Obama Campaigns for Maine's Michaud to Defeat Gov. LePage
By Christopher Cousins
President Barack Obama came to Maine on Thursday to tell a loud crowd of 3,000 in Portland that Democratic gubernatorial nominee Mike Michaud is the kind of politician that runs for office for the right reasons.
"He ran for the state Legislature not because he wanted to be someone but because he wanted to do something," Obama said during a 27-minute speech at the Portland Expo. "Mike's been fighting ever since for ordinary Mainers because that's who he is."
Michaud and Republican Gov. Paul LePage are locked in a neck-and-neck battle that recent polls indicate could be decided by a percentage point or two, and the past two days have brought positive developments for Michaud. On Wednesday, independent Eliot Cutler, a former Democrat who trails both candidates by wide margins in polls, acknowledged that he is a "long shot" and advised his supporters to "vote their conscience," though he did not endorse LePage or Michaud. Later in the day, independent U.S. Sen. Angus King switched his endorsement from Cutler to Michaud.
Obama, as he often does, spent considerable time talking about Democratic ideals, making a case for the election of Michaud and Democratic majorities built on increasing the minimum wage, equal pay for women, environmental stewardship and renewable energy.
"Mike's got a different vision for what the future holds and I think you do, too," Obama said. "In America, prosperity doesn't trickle down from the top. We build ladders for people to get into the middle class. We think the economy works best when it works for the many, not for the few. That's Mike's experience. That's his life."
Michaud was upbeat and optimistic.
"This is your state and you know we can do better and that we must do better," said Michaud, who proceeded Obama at the podium. "This is your state and in five days you can take it back. ... Maine is so full of opportunities but we are being held back by one person and one person only: Paul LePage."
Thursday's rally was the latest in a series of Michaud campaign events featuring national Democratic Party luminaries, including first lady Michelle Obama, former President Bill Clinton and former first lady and Secretary of State Hillary Clinton.
The steady flow of big-name Democrats into Portland and nearby communities seems designed to firm up support for Michaud in more progressive southern Maine, where voters are less familiar with the congressman who has represented Maine's northern 2nd U.S. House District for 12 years.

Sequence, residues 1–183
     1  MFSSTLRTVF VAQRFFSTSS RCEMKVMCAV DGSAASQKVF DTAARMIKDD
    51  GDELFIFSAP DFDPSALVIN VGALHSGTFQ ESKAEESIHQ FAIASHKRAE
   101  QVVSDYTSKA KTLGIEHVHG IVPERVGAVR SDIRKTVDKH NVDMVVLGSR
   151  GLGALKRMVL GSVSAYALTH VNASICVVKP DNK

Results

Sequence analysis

The president's visit is sure to energize partisan Democrats, but to some degree it gives Republicans a rallying point as well.
Obama arrives in Maine with sinking national and state approval ratings. His handling of the ISIS threat in the Middle East and the Ebola outbreak in western Africa -- the latter of which many Mainers are especially tuned in to since the return of nurse Kaci Hickox of Fort Kent, who recently returned from treating Ebola patients in Sierra Leone -- has drawn sharp criticism from across the political spectrum. Hickox, who has shown no symptoms of the deadly virus, is making national news for refusing to remain in a precautionary 21-day quarantine in her home.
Maine Republican Party Chairman Rick Bennett said in a prepared statement that Obama's appearance in Portland sought to "rally a liberal base that's not very excited about voting for him."
Former Maine Sen. George Mitchell, who has endorsed Michaud, was also at the event. He presented a speech that included a swirl of Democratic achievements over the years from creating Social Security to expanding voting rights, didn't mention Michaud for the first several minutes, but sought to boost Obama's image by highlighting his jobs record.
"He led this country out of the worst economic recession in a century," Mitchell said. "In the past 55 months under his leadership, American businesses have added 10.3 million new jobs. That's the longest uninterrupted stretch of private-sector job creation in American history."
Mitchell described Michaud in much the same way as the 12-year congressman has described himself: as an ethical agent of compromise who has an uncommon gift of common sense.
"Mike Michaud will never forget his roots as a working class man from the town of East Millinocket," Mitchell said. "He respects others, he listens to people, including those who disagree with him. He will never insult or look down on anyone else regardless of their circumstance."
Mitchell, who served in the U.S. Senate from 1980 to 1995, endorsed Michaud in September, calling him "ideally suited to bring stability to the state budget." The Michaud campaign on Thursday released a new Web ad featuring Mitchell, as well as an automated telephone call in which Mitchell appeals to voters on Michaud's behalf.
LePage also is receiving support from high-level Republicans, including an automated telephone call featuring former U.S. Sen. Olympia Snowe and New Jersey governor and Republican Governors Association Chairman Chris Christie, who will stump with LePage on Monday for a fifth time in Maine.
(c)2014 the Bangor Daily News (Bangor, Maine)